And Johnson doubled down on his promise to leave the European Union on Oct. 31, hinting that he would find ways to circumvent a law passed by Parliament to prevent a disorderly “no deal” Brexit.
With Parliament unexpectedly back in session — Johnson’s move to suspend it was rejected last week in an extraordinary Supreme Court ruling — Tory lawmakers at the conference were on standby to race 200 miles back to London if necessary, as their political adversaries plotted their next moves against the prime minister.
Undoubtedly Johnson has alarmed some of his own lawmakers with his uncompromising language and his refusal to show contrition after the Supreme Court ruling.
Last week the culture secretary, Nicky Morgan, wrote on Twitter that “at a time of strong feelings we all need to remind ourselves of the effect of everything we say on those watching us.” Her former colleague, Amber Rudd, who recently resigned from the Cabinet, told The Evening Standard, that Johnson used language that “incites violence.”
Such criticism may be beginning to dent his popularity a little, but according to some opinion polls, Johnson’s party enjoys a healthy lead over its main opposition, the Labour Party.
And his adversaries in Parliament face their own difficulties. They have twice voted to prevent the general election Johnson wants, insisting that he must first remove the risk of a disorderly Brexit by seeking another extension of the deadline to withdraw from the bloc.
The Scottish National Party is impatient to try to bring down Johnson through a motion of no confidence now — but that could actually be a boon for Johnson since it could result in the election he wants.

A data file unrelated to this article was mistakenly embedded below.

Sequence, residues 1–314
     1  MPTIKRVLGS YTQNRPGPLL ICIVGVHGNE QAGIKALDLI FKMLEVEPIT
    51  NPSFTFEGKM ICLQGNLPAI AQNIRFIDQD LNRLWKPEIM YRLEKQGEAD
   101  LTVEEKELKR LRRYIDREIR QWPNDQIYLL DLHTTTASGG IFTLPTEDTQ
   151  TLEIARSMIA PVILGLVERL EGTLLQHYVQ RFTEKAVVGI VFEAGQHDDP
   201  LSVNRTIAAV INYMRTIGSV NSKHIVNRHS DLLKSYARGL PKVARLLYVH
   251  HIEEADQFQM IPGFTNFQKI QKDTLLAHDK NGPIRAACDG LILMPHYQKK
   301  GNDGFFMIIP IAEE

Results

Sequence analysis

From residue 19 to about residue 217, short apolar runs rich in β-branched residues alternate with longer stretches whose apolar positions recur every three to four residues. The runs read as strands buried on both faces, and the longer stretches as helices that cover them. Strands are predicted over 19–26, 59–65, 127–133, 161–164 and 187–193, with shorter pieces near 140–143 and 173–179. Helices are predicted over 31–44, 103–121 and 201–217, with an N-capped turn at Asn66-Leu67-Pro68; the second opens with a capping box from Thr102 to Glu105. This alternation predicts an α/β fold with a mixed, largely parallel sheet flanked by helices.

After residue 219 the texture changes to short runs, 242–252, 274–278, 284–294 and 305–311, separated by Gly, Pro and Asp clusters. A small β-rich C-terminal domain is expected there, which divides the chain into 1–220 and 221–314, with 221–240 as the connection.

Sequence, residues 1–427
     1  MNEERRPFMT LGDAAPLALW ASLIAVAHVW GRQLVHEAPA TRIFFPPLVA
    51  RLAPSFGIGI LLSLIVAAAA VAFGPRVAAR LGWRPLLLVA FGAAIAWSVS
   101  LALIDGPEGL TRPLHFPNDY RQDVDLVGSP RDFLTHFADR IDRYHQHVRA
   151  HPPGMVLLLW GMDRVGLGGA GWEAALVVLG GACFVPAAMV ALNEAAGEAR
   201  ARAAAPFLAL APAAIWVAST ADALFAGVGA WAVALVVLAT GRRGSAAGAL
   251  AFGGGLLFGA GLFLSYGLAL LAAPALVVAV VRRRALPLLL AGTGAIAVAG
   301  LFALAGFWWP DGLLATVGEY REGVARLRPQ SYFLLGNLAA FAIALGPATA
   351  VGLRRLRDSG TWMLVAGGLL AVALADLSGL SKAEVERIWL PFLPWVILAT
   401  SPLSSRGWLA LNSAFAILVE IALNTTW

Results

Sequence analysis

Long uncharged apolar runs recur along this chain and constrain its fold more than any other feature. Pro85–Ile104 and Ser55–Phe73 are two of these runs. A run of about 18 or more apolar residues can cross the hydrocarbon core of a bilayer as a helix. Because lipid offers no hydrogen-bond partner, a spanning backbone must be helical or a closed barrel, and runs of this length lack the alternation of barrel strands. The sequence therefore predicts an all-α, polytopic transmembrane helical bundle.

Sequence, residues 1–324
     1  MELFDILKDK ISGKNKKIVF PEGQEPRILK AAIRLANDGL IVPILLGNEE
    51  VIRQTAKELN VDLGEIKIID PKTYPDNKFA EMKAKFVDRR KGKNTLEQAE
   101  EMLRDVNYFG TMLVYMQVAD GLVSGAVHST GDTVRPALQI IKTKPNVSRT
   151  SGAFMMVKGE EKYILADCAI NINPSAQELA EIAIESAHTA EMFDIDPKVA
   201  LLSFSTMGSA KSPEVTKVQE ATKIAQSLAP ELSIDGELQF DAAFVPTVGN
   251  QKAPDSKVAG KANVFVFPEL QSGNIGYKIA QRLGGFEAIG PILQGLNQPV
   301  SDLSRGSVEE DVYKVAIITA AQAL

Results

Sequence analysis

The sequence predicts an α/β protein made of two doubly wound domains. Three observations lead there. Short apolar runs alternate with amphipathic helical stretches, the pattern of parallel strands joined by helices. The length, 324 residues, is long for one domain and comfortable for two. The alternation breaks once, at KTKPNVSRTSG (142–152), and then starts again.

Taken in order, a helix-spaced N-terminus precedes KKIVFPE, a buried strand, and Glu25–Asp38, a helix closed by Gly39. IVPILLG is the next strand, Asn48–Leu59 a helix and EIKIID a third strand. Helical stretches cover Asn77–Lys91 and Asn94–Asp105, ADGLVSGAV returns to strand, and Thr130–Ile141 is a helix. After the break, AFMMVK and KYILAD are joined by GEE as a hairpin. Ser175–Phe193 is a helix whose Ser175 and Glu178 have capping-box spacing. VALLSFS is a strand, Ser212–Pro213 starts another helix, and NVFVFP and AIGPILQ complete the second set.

In Manchester, Conservative Party activists are preparing for an election and think that they at last have a winning strategy after two dispiriting years of drift under Johnson’s predecessor, Theresa May.
Johnson’s aides want to unite the voters who, in 2016, opted in a referendum to leave the EU, and neutralize the threat from the Brexit Party, led by Nigel Farage.
So the main slogan at the Conservative conference is: “Get Brexit done.”
Johnson also wants to persuade voters that his government would invest in public services, including health and the police, to redress cuts made during the period of austerity that followed Britain’s financial crash.
The Conservatives, Bale said, are “very good at identifying what they need to do to win an election: in other words to spend money to try to cut off the attacks from Labour and to talk about ‘no deal’ to reduce the threat from the Brexit Party.”
“It is not the world’s most successful political party for nothing,” he said.
Bale said it remained unclear whether the party’s embrace of Johnson’s hard line was a temporary maneuver or a fundamental metamorphosis for the Tories into a more nationalistic, isolationist party.
“The Conservative Party always saw itself as the party that would defend constitutional norms and the rule of law,” he said. “We have seen something qualitatively different in the last month.”
Either way, support for Johnson at the conference was strong.
Peter Smallwood, a party member from London, said the Conservatives “are very, very good, when it matters, at coming together,” and dismissed the scandal over Arcuri and the dispute over Johnson’s rhetoric as irrelevant.
Molly Samuel-Leport, another party member from London, said: “The membership and the people will rally behind Boris Johnson because he is a strong leader. People want Brexit done, and Boris Johnson is the only person who seems to be speaking up for the people.”
c.2019 The New York Times Company